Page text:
British artist Chris Ofili’s first museum survey in the United States debunks and transcends his unjustified and limiting reputation as an African diaspora-centric artist who once employed the medium of elephant dung. ‘Night and Day’ is a gathering long overdue, as only a major survey for this relatively young painter’s work could demonstrate his unusually diverse range, situating his unmistakably personal and major concerns with race and identity alongside pop culture, religion, mythology, art history, graphic art and design, colour, nature, the experience of encountering art, and painting itself.
Fittingly, ‘Night and Day’ begins with Ofili’s paintings from the mid-to-late 1990’s and from which he’s since moved on considerably in his art making, including the famous ‘No Woman, No Cry,’ (1998) made for his 1998 Turner Prize exhibition, and infamous ‘Holy Virgin Mary,’ (1996) among the first works Ofili was known for. Even as far back as these early works, most of the painter’s eventually consistent interests and themes are on display. In execution, however, they are about the most multimedia-inclined paintings one’s likely to encounter, and are all composed with coatings of resins, collage, acrylics, oils, glitter, and elephant dung balls. When seen from afar, the paintings appear flat and uncluttered, but when approached, the applied accumulations reveal themselves not only visually, but also spatially, and are only further accentuated by the pairs of dung ball supports or ‘frames,’ for each painting.
However, if inclinations abound in Ofili’s early works that echo a familiar late mid-20th century discourse that treats the canvas as an object and initiates dialogue between painting and sculpture, what follows – ‘Within Reach,’ selections from the British Pavilion at the 50th Venice Biennale made in collaboration with Ghanaian-British architect David Adjaye - defy expectations. Although they’re also layered with accumulated materials, there’s a uniform colour scheme of red, black, and green based upon the Pan-African flag associated with the famed Marcus Garvey, and instead of acknowledging space around the paintings, the visual contents invite the viewer with the help of carefully arranged and prominent natural motifs and intense colours.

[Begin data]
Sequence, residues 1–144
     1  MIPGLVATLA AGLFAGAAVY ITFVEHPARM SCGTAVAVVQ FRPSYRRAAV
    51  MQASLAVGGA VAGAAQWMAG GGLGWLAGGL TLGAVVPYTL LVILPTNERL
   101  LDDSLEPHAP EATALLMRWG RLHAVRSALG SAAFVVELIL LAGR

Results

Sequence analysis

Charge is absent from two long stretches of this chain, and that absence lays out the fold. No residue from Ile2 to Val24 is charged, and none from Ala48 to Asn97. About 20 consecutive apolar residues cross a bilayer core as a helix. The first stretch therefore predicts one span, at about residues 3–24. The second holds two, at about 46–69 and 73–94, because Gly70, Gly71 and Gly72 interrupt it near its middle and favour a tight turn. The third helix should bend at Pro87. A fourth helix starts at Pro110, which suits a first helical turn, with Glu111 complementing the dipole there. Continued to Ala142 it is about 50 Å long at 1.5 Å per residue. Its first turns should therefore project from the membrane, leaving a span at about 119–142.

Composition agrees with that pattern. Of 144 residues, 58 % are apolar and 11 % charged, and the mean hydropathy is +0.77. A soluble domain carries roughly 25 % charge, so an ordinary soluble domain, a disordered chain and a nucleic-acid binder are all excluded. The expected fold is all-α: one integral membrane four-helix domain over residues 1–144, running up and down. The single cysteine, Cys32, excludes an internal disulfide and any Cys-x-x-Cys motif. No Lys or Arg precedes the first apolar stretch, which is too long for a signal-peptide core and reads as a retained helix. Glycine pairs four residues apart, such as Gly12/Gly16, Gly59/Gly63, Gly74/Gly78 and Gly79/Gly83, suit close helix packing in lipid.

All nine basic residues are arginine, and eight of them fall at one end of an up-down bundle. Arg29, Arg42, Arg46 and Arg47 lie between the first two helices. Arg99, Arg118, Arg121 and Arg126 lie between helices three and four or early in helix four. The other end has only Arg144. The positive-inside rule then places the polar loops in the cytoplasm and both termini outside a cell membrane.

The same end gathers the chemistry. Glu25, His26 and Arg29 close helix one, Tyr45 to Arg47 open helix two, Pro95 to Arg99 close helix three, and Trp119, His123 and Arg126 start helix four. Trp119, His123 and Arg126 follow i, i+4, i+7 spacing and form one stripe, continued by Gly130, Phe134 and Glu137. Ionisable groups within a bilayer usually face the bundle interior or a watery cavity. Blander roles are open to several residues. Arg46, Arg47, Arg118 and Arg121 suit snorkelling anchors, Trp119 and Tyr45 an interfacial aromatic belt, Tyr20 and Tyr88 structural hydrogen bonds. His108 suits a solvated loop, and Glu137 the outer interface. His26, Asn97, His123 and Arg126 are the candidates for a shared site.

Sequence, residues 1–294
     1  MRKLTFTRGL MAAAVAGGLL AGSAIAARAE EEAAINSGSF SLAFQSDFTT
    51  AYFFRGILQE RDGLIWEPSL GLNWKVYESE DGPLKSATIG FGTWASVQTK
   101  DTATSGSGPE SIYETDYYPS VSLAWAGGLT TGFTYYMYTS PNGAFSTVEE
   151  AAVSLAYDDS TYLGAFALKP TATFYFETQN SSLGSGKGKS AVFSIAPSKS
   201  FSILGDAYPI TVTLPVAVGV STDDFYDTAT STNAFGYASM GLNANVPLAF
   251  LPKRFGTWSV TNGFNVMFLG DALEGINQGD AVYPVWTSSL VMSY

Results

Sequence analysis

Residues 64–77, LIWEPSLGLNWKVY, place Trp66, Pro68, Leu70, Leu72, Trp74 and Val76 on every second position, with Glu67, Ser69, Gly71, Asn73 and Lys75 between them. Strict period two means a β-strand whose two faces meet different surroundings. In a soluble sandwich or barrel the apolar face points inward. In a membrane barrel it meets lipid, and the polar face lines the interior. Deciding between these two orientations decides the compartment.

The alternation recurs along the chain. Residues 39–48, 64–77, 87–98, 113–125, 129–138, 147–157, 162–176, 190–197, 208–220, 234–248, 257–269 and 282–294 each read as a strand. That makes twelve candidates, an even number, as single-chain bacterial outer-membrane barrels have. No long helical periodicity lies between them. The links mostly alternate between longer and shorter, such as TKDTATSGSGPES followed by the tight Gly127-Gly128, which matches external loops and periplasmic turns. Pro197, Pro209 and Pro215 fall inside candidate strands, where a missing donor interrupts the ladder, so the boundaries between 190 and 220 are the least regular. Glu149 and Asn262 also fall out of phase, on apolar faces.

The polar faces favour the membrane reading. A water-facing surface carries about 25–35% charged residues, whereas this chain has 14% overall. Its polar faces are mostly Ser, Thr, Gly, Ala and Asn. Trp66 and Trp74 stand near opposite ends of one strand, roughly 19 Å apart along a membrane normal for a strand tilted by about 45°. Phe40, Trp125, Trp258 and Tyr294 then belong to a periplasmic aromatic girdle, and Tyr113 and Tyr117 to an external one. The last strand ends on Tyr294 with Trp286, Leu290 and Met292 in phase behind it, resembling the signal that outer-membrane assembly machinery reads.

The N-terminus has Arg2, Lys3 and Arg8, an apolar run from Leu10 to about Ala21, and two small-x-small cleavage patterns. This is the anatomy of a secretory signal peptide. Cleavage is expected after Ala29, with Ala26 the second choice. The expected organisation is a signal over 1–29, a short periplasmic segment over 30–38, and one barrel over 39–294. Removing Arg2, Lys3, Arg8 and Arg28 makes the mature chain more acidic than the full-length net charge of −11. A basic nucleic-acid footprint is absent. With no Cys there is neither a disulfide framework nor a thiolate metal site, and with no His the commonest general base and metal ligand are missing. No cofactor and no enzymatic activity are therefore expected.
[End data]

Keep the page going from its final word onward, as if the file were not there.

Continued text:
The paintings Ofili created after establishing residency in Trinidad two years later, display little semblance to his first major paintings of note. In the ‘Blue Rider’ series, it becomes apparent that his new home, most of all, has affected his art. Adhering to an austere yet rich colour scheme of darker tones revolving around blue, paintings such as ‘Blue Rider’ (2005) and ‘Iscariot Blues’ (2006) nonetheless continue to manifest Ofili’s preoccupations with nature, color, and the encounter with art. Whether due to the dim lighting provided by the museum for the room, or the already dark and nearly indistinguishable colors, the paintings are strangely immersive, and encourage one’s imagination towards experiencing nighttime in Trinidad, evoking the tropical humidity and dense vegetation of its countryside.
Closing out the exhibition, Trinidad continues to be foremost among inspirations for a collection of some of Ofili’s recent paintings, as a bright, colorful palette, and thematic explorations of mythologies both return in works such as ‘Ovid-Desire’ and ‘Ovid-Actaeon’ (2011-12). His penchant for employing graphic art elements may be found in possible homages to Matisse’s late collages, merged with his subjects. Meanwhile, concerns with nature and space seem to have receded into the conceptual background
Throughout his career, Ofili has engaged with issues ranging from racism to representations of women, from hip-hop to Christianity, and from nature to culture, by exploring and experimenting with the medium and tradition of painting. Viewing Ofili’s oeuvre en mass in Night and Day, what becomes most apparent is that despite the consistency – or inconsistency – of the variety of interests, concerns, and themes manifested in his art, and his experimentation with other mediums and means of expression, Ofili remains a painter foremost.